Without the increase, we will be at risk of losing our current insurance classification and property owners in the entire Fairview Fire District could see an increase of $200–$300 or more in homeowner’s insurance premiums instead of just a $30 increase in fire tax.
Our goal is to respond to each emergency call within 5 minutes. Currently our response time into some areas in this part of our district is 10–12 minutes. In a cardiac emergency a person who can be defibrillated in 4–6 minutes or less after collapse has a good chance of surviving. A person who cannot be defibrillated within 8 minutes of the moment of collapse has only a slim chance of surviving. The chance of survival is reduced 7–10% for each minute of delay in medical intervention.
In residential structure fires, experience has shown that the lightweight metal and wood trusses found in most homes fail within 5–10 minutes of being exposed to fire. This does not allow occupants in the home much time to escape even if a fire has burned unnoticed for only minutes. This also puts our Firefighters on scene at the most dangerous time.
We are trying to continue to provide the best fire and medical protection possible for our community. To reduce property damage from a fire, firefighters need to get to the scene quickly. Therefore, NCDOI evaluates the distribution of fire stations in each community. NCDOI establishes “standard response districts” around each existing fire station. The standard response district for an engine company is defined by streets and roadways leading from the fire station out to a distance of 1.5 road miles. For a ladder truck company, the standard response district is defined by streets out to a distance of 2.5 road miles. The NCDOI also provides a time–distance table that calculates a “standard response” of fire apparatus. This table states that it takes a fire apparatus 4.9 minutes to travel 2.5 miles.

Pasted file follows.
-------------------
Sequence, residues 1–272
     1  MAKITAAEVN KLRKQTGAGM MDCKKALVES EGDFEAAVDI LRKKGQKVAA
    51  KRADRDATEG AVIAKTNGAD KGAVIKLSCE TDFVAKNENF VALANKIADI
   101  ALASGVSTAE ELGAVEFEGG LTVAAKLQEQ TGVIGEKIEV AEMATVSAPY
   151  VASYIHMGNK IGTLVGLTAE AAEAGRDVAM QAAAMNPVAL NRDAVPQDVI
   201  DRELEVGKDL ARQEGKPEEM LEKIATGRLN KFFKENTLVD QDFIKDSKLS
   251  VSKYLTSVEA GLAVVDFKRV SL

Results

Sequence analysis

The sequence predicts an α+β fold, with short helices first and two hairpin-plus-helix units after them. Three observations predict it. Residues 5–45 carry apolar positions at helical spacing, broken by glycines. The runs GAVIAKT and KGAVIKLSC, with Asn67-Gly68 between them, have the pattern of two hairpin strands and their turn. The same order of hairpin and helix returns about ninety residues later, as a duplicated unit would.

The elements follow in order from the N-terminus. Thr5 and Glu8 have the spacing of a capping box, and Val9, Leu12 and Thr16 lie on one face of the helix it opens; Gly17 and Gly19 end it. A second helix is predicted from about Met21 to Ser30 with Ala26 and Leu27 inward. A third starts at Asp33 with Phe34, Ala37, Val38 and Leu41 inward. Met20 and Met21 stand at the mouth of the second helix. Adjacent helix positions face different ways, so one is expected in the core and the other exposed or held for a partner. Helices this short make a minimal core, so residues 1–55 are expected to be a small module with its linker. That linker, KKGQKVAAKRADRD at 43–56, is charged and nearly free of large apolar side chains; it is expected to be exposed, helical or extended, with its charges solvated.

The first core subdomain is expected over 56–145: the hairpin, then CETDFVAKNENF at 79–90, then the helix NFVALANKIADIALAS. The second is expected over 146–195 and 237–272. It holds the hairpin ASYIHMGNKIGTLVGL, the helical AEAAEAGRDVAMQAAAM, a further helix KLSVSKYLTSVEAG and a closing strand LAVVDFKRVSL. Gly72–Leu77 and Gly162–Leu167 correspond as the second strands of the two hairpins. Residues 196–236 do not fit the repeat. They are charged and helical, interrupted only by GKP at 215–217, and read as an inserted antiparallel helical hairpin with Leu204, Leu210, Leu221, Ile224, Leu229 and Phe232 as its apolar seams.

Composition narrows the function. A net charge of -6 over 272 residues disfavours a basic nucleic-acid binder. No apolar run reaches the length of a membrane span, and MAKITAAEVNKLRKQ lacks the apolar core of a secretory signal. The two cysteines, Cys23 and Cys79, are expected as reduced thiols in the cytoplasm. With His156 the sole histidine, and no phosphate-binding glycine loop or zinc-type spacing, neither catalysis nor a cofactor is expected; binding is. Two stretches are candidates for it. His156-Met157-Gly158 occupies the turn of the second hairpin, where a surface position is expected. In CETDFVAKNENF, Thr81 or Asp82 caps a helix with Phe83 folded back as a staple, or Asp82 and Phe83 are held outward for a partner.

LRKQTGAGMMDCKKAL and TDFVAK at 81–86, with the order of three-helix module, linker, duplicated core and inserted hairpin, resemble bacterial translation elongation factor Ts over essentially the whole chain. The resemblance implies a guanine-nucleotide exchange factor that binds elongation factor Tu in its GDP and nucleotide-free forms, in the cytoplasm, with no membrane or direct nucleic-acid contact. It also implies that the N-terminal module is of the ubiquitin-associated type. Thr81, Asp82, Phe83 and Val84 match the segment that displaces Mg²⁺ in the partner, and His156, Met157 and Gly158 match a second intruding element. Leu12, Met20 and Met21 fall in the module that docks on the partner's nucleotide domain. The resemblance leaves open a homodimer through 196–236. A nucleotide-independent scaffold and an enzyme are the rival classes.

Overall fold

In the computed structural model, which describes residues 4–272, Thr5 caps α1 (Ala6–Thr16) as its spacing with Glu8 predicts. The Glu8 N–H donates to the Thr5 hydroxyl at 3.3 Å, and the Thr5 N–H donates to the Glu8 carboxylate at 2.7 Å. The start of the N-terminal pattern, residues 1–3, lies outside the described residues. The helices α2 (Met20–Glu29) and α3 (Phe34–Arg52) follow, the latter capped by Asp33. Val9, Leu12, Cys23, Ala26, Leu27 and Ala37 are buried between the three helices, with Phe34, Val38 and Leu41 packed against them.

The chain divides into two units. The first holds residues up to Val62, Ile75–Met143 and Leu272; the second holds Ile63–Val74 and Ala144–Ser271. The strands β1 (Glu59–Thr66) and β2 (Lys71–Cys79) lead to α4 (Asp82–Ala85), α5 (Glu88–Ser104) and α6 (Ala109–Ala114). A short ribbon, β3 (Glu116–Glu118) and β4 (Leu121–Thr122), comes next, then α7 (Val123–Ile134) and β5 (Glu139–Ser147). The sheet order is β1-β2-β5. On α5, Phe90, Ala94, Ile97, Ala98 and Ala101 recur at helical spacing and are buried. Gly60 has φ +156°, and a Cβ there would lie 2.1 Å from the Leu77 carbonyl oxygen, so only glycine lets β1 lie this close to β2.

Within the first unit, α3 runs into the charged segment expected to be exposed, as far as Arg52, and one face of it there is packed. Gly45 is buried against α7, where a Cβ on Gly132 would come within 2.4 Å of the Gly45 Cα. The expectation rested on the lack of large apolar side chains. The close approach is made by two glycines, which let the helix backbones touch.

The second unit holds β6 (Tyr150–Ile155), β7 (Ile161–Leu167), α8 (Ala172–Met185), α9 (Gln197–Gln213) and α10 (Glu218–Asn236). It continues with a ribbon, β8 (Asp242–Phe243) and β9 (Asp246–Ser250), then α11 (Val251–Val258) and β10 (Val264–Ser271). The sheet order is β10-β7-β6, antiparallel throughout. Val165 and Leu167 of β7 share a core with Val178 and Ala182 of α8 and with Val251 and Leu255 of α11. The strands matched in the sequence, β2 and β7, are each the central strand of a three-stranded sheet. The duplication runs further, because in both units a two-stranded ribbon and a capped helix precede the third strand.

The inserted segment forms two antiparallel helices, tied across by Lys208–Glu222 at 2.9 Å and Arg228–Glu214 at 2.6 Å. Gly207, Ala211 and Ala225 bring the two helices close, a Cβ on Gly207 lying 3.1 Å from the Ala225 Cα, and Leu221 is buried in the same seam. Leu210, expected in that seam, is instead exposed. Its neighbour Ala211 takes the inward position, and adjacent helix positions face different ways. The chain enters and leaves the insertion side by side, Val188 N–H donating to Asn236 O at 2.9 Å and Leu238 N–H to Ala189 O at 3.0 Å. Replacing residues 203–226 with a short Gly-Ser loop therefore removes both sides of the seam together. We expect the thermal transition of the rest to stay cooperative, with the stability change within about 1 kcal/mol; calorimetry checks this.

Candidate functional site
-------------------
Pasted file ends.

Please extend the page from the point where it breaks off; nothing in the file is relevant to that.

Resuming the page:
If we are unable to construct a substation on Cane Creek Road, a large part of the southern portion of our district will experience a typical response of 10–12 minutes and possibly more.
We submitted our request to the Buncombe County Commissioners to be approved during the Buncombe County budget meeting on June 19. It’s with great disappointment that we must notify the citizens of the Fairview Fire District of the Buncombe County Commissioners’ unanimous decision to not support our fire tax increase request. The fire tax increase would have been applied towards the beginning phases, planning and construction of the much-needed substation in the Cane Creek Valley. Our concerns continue that we might lose our improved insurance rating, which could cost homeowners $200–$300 or more. This increase would affect properties in the entire Fairview Fire District that are more than 1000 feet from a fire hydrant. This substation would drastically reduce our response times to the Cane Creek Valley and the southern end of our district.
We would like to thank the Fairview Community for the overwhelming amount of support that we have received for our request. Despite this setback we will continue to provide the best fire and medical protection that we possibly can. Questions? Email Chief Scott Jones at firstname.lastname@example.org